Debates are good now for the fate of FnF. Politicians could say anything they want, but they cannot beat hard numbers. The more intensified the debates, the more truth would come out. It's not all gloom and doom from this point and on. It is the natural process of resulting in some eventual resolution on the fate of FnF. It has to start somewhere. We have been waiting for 4 long years, and 1 or 2 more shouldn't be that hard, would it?....: )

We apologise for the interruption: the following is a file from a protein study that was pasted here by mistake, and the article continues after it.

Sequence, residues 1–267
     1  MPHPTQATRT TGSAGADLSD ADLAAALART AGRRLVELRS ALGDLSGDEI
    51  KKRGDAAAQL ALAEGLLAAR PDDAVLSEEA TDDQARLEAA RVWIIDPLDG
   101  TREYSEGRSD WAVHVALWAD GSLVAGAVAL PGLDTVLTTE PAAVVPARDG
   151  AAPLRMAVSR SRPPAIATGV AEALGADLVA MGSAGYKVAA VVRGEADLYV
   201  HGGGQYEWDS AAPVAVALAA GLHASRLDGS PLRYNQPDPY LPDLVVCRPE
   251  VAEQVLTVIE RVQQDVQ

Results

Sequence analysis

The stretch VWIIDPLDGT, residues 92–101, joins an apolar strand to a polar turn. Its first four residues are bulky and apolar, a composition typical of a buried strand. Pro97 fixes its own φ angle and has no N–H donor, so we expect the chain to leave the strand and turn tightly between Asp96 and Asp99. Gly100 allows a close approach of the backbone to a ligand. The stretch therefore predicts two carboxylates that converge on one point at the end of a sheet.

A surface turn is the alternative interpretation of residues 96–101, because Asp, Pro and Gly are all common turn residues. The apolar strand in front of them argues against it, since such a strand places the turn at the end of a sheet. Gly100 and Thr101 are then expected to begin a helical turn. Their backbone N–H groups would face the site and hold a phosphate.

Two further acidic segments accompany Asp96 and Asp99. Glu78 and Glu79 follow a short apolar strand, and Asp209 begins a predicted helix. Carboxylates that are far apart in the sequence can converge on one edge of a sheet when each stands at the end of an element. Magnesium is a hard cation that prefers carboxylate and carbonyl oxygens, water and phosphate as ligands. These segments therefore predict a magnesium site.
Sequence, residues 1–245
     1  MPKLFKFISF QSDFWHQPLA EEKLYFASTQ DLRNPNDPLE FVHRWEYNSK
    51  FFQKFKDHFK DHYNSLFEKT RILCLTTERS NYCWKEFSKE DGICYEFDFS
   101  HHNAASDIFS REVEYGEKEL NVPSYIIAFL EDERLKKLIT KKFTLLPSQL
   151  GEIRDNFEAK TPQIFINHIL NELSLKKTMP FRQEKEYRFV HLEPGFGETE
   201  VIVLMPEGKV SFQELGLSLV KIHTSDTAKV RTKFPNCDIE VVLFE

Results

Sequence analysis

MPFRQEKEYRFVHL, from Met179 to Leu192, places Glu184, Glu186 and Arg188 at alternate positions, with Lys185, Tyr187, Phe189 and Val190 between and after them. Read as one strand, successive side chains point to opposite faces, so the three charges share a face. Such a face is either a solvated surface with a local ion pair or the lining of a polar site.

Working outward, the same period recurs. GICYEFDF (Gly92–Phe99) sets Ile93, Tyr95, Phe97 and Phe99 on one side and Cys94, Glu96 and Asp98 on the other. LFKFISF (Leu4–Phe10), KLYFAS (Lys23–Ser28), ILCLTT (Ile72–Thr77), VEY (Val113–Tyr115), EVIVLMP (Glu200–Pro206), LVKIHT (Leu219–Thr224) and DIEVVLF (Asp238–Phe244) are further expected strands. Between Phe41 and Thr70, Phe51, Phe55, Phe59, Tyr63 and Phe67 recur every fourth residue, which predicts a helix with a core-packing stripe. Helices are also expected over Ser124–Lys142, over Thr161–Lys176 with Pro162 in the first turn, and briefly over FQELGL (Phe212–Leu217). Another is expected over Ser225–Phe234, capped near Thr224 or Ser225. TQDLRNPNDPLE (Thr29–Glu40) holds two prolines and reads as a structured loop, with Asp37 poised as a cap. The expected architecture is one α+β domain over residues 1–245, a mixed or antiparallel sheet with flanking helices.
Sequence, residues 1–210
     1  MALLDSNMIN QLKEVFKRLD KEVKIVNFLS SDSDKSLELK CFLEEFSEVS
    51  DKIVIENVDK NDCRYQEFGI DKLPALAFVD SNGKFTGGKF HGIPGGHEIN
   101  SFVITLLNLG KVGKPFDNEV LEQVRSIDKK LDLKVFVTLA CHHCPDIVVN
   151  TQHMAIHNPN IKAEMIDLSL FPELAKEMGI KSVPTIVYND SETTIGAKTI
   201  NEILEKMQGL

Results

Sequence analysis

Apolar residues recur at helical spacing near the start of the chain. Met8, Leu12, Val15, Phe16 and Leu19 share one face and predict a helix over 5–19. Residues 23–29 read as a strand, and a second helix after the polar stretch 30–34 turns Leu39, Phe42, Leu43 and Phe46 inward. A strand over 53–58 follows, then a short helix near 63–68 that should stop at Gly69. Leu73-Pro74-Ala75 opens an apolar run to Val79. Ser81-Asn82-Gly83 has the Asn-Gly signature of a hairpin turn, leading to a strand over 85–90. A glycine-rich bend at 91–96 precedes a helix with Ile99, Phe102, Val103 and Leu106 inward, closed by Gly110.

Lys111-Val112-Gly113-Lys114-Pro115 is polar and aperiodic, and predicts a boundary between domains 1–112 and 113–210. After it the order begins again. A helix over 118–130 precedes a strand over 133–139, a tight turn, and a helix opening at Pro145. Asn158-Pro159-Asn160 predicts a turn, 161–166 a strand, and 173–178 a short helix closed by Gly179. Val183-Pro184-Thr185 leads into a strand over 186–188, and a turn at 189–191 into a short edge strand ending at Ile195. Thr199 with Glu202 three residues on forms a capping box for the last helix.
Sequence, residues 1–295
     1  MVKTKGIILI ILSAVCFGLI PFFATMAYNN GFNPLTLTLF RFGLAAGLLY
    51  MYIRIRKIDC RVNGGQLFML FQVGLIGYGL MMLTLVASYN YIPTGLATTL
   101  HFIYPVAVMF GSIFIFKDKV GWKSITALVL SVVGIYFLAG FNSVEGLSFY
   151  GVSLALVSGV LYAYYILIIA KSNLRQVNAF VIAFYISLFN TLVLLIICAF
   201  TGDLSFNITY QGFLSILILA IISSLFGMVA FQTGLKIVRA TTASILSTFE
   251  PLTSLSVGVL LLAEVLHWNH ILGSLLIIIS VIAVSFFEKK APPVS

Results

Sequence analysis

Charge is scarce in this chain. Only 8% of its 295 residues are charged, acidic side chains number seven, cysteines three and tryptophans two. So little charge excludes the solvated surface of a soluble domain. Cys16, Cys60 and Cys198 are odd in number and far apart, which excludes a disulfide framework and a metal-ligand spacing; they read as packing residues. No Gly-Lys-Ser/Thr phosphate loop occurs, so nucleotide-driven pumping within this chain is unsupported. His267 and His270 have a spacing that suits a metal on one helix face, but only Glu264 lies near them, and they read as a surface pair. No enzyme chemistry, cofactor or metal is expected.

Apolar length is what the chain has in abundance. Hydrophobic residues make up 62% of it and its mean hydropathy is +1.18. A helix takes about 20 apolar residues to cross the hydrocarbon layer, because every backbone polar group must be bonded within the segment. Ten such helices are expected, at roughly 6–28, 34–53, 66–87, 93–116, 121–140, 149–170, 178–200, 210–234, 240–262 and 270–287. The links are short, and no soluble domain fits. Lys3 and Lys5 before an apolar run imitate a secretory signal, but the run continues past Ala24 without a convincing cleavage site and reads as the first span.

Paulson's remarks are actually good for the two GSEs. Why? Because, with remarks of the former Treasury secretary who helped place the GSEs under "Conservatorship", the issue is now more exposed to the public for an open debate. Nobody denies the share of responsibility of the GSEs in the housing bubble that caused the recent recession and nobody denies the GSEs need "overhaul", reforming, etc. But, what about the banks? Did they behave any better in the whole financial crisis? If they had been clean and had not passed on bad mortgage loans to GSEs, they would not have needed to pay huge amounts of settlement money or buy back bad loans from GSEs. Then, take Goldman Sachs for example. Paulson was its CEO before coming to head the Treasury. That bank was near bankruptcy in 2008 and survived only through a multiple billion bail-out from Warren Buffet. And only yesterday a former Goldman Sachs trader was reported to admit guilty to a fraud concerning a 83 billion affair. Banks or GSEs, each has its own problem and they all need reform and "overhaul", but such reforms or re-organization should be done in a way that is best for the recovery of US economy and hence best for the nation as a whole.